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2018 Global Citizen Festival: Janelle Monae, a 'popping bottle' and other memorable moments

If you couldn’t make it to New York or didn’t get a chance to stream it online, here are some of the major moments from the 2018 Global Citizen Festival.

Nearly 60,000 people gathered in Central Park’s Great Lawn on Saturday for the seventh annual Global Citizen Festival, featuring performances from Janelle Monae, John Legend, Shawn Mendes, Cardi B, Janet Jackson and The Weeknd.

The day-long event, hosted by husband and wife Hugh Jackman and Deborra-lee Furness, encouraged attendees to become active in social issues, including reducing the amount of single-use plastic, eliminating bail bond policies that unfairly target minorities and the poor and providing every child with access to quality education.

If you couldn’t make it to New York or didn’t get a chance to stream it online, here are the top moments from the 2018 Global Citizen Festival.

Janelle Monae Stands in Solidarity with Sexual Assault Survivors

Referencing Thursday’s testimony from Dr. Christine Blasey Ford stating her alleged claims of sexual assault by Supreme Court nominee Judge Brett Kavanaugh in front of the Senate Judiciary Committee, Janelle Monae said, “this past week was a brutal, brutal week for a lot of us women.”

Monae proclaimed her solidarity with sexual assault survivors and called on fans and attendees to do the same. “So today, I’m standing here with my sisters on this stage, and with you. And, we want to send a message loud and clear to survivors here and all over the world; let’s make sure that they know that these 60,000 global citizens right here in this audience have got your back.”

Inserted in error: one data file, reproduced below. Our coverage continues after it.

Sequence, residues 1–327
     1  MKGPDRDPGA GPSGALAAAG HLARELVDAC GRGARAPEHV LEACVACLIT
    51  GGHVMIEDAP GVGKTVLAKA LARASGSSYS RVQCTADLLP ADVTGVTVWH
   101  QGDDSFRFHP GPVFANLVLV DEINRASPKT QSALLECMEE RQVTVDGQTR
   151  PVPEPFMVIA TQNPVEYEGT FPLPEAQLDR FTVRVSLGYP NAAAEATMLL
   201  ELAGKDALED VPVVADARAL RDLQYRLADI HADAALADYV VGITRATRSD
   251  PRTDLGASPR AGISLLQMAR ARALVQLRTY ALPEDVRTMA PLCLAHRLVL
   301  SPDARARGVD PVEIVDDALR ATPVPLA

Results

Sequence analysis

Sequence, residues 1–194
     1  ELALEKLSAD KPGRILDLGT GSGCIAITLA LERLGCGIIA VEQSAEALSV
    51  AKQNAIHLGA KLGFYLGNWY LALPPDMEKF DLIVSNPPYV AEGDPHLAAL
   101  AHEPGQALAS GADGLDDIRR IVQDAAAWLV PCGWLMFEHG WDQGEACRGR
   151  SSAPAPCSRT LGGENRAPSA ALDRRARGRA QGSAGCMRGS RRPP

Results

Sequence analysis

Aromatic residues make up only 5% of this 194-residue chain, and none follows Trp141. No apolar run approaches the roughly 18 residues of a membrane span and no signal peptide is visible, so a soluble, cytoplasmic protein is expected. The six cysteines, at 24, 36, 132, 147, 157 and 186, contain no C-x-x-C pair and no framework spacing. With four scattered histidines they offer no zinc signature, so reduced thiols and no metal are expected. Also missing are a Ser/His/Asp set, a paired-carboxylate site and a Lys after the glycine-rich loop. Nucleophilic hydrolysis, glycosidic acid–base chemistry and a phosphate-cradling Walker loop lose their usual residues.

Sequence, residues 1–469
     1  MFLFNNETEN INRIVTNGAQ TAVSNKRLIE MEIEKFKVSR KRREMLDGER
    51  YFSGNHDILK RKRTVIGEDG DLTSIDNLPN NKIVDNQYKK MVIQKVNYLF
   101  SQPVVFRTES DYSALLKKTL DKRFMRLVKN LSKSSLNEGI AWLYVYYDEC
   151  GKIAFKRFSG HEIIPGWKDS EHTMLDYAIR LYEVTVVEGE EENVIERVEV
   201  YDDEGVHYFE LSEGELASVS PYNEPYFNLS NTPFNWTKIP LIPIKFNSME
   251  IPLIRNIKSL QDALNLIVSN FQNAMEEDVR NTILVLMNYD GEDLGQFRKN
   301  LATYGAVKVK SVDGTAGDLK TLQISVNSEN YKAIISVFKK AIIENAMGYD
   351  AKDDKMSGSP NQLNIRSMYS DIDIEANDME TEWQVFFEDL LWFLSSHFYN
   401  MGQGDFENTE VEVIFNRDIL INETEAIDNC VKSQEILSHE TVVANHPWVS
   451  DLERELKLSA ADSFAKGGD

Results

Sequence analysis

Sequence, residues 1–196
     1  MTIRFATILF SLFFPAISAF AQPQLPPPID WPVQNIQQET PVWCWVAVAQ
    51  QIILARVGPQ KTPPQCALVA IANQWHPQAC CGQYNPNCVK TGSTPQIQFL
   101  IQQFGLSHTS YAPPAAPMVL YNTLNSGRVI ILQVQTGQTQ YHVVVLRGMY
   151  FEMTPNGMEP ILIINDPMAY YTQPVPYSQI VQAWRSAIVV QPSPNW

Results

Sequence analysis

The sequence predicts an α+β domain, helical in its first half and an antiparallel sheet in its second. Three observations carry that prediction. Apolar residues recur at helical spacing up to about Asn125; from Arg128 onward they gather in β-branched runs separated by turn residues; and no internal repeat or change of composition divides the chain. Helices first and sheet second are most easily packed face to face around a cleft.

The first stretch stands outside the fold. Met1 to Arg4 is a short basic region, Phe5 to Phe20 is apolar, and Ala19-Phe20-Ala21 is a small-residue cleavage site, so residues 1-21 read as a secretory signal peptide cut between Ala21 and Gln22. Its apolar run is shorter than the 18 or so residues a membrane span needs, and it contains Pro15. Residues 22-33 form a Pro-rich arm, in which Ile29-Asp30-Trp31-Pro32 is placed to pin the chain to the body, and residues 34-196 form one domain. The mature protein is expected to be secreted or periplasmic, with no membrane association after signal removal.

'Popping Bottle' Causes Panic

Turns out it wasn't a falling security barrier that caused a brief panic in the crowd. It was a "popping bottle," festival organizers said.

Although New York police initially said a loud noise that sounded like gunfire was caused by a security barrier that fell, a statement from festival organizers on Sunday said police determined it was a bottle that someone stepped on.

"While NYPD originally advised that a fallen security barrier caused the noise, NYPD informed us today that it was the sound of an attendee(s) stepping on and popping a drink bottle(s)," the statement read.

Video from the incident showed some upset fans hugging each other after the scare at around 7:30 p.m. A New York Police Department official said on stage that no shots were fired.

An NBC reporter at the event described the scene as “total panic in the crowd.” People climbed benches and knocked over barricades, and some people were seen crying and trying to call friends and other loved ones.

"All we saw was a mass of people running," one woman said on MSNBC, which is airing the annual event. "Like a wave of people coming in this direction ... my daughter’s screaming at me to run."